The blog that inspired the Shrews Untamed episode
Nearly three years ago I stood yoga mat under my arm, belly protruding, lining up to register before beginning my prenatal yoga class. I’m not sure if the practitioner was doing her own little case study, but for the more ‘interesting’ names, she’d ask “is it yours, or did you marry it?”
Most women had married it, myself included. When she came to the woman in front of me who said proudly no, she loved her name and would never change it, she said “So many women are changing their names still — I mean, what happened to feminism?”
I rolled my eyes. Keep your opinions to yourself, I thought uncharacteristically, smiling through my teeth as it was my turn to declare that I too, had ‘married it’. Maybe it was the smell of delicious cooked food wafting in from busy and fashionable Jetty Road making the pregnant me hangry, but I was annoyed. Pissed off, actually.
She had, of course hit a nerve.
Bad, bad feminist!
Because “what happened to feminism?” was something I’d been asking myself around that time too, directly thinking on my name change. Was it un-feminist of me to change my name? Or being married all? Was it all academic and no action?
Mona Eltahawy has tweeted feminism is “the lens through which I critique everything”: as I get older, and more feminist, this is true for me as well. I don’t love being bad at things generally, but who wants to be a bad feminist?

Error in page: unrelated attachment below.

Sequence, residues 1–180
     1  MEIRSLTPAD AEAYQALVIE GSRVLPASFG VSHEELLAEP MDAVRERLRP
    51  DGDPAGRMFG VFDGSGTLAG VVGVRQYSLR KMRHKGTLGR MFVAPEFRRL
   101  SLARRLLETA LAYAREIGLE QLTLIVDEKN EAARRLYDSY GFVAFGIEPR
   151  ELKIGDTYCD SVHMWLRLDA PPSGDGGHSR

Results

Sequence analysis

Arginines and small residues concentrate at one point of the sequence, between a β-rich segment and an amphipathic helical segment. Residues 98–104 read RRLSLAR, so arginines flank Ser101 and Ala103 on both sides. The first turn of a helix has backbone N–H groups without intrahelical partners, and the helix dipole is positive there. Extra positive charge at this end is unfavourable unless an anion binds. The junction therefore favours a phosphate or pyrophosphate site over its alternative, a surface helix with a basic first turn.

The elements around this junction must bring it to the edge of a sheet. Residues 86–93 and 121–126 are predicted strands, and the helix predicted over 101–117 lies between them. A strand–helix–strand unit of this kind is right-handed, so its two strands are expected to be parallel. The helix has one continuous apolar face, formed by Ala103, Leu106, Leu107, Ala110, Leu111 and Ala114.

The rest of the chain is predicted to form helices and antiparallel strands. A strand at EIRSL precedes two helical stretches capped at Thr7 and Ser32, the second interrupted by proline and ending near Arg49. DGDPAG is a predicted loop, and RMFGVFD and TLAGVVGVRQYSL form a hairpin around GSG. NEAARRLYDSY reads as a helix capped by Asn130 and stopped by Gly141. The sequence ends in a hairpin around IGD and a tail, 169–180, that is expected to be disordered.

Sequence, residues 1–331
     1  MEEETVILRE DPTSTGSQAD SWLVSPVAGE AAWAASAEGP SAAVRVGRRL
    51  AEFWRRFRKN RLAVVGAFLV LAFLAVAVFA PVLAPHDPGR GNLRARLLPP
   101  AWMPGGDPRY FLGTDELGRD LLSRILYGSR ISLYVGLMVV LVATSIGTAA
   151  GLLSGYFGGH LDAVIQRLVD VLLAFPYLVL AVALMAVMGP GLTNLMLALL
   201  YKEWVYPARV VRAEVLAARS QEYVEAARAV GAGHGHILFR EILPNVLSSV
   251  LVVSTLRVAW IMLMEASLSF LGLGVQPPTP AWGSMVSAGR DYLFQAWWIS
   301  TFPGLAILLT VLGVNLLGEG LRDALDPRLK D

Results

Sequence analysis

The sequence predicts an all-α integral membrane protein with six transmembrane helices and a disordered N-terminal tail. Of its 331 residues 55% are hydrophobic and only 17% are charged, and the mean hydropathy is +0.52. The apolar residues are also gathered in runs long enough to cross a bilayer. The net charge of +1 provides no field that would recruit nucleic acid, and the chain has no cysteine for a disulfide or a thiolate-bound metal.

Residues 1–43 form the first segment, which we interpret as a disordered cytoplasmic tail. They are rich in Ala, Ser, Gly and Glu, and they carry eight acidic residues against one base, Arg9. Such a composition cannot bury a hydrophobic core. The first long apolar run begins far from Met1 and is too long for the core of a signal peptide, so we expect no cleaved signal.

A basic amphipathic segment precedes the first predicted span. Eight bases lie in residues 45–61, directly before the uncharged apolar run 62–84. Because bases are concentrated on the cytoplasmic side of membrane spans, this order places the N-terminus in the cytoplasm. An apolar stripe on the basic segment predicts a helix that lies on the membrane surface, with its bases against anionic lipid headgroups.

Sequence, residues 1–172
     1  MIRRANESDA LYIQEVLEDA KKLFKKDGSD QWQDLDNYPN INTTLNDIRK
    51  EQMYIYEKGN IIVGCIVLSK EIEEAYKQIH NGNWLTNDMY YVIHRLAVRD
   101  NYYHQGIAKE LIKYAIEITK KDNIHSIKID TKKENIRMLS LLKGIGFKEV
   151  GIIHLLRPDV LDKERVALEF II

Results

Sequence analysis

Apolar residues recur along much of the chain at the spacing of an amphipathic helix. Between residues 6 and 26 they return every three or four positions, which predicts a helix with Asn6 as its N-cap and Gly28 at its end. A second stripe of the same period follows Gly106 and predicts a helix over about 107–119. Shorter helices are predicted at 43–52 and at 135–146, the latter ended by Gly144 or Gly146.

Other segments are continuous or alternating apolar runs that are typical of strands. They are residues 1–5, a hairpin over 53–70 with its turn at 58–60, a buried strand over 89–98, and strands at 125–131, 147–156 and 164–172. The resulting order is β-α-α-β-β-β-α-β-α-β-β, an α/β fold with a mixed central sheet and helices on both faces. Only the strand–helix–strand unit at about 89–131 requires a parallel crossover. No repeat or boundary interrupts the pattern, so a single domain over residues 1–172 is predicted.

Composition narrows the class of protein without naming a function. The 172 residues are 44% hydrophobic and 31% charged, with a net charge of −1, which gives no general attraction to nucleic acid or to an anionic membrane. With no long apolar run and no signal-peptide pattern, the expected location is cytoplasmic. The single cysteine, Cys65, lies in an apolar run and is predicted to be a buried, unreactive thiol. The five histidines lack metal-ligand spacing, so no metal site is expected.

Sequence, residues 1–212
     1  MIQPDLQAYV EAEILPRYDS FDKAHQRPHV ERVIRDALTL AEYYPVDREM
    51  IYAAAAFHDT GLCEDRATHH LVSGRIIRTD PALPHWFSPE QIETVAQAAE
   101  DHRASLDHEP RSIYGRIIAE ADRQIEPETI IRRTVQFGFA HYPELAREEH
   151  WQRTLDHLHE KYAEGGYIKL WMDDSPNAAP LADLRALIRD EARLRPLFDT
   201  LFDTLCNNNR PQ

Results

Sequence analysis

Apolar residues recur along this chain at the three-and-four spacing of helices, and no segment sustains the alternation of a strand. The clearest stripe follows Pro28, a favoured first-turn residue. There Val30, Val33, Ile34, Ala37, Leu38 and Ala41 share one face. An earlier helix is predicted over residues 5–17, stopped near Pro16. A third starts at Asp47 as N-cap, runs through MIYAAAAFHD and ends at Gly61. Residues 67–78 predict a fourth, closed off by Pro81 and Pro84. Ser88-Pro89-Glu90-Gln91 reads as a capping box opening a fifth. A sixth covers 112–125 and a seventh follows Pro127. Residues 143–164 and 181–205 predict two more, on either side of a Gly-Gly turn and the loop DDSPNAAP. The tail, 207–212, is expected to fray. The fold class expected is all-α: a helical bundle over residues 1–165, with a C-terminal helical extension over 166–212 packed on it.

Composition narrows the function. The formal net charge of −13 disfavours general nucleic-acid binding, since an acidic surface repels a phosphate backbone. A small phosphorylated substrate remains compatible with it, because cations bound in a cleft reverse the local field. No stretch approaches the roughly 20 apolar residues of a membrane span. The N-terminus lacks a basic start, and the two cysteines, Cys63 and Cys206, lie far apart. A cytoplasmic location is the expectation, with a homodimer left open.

Asking myself whether it was un-feminist of me to change my name had crossed and re-crossed my mind. I was even at the stage where I was deeply questioning why I’d even gotten married to begin with.
Let me be crystal clear here: I wasn’t questioning the relationship I have with my husband, which is loving and respectful, but the actual getting married part. He’d always said marriage wouldn’t change us — and it didn’t, it hasn’t. (Like many other couples, having children was the game changer. That’s what my book is about. Watch this space.)
Good reasons not to change your name
When I take my dog to the vet, his last name is the same as mine, indicating ownership; the added surname shows the dog is my property. In a dispiritingly similar fashion, traditionally Western women would take their husband’s name on marriage. Women have disappeared in history because of this, only searchable through their husband’s initials and surname.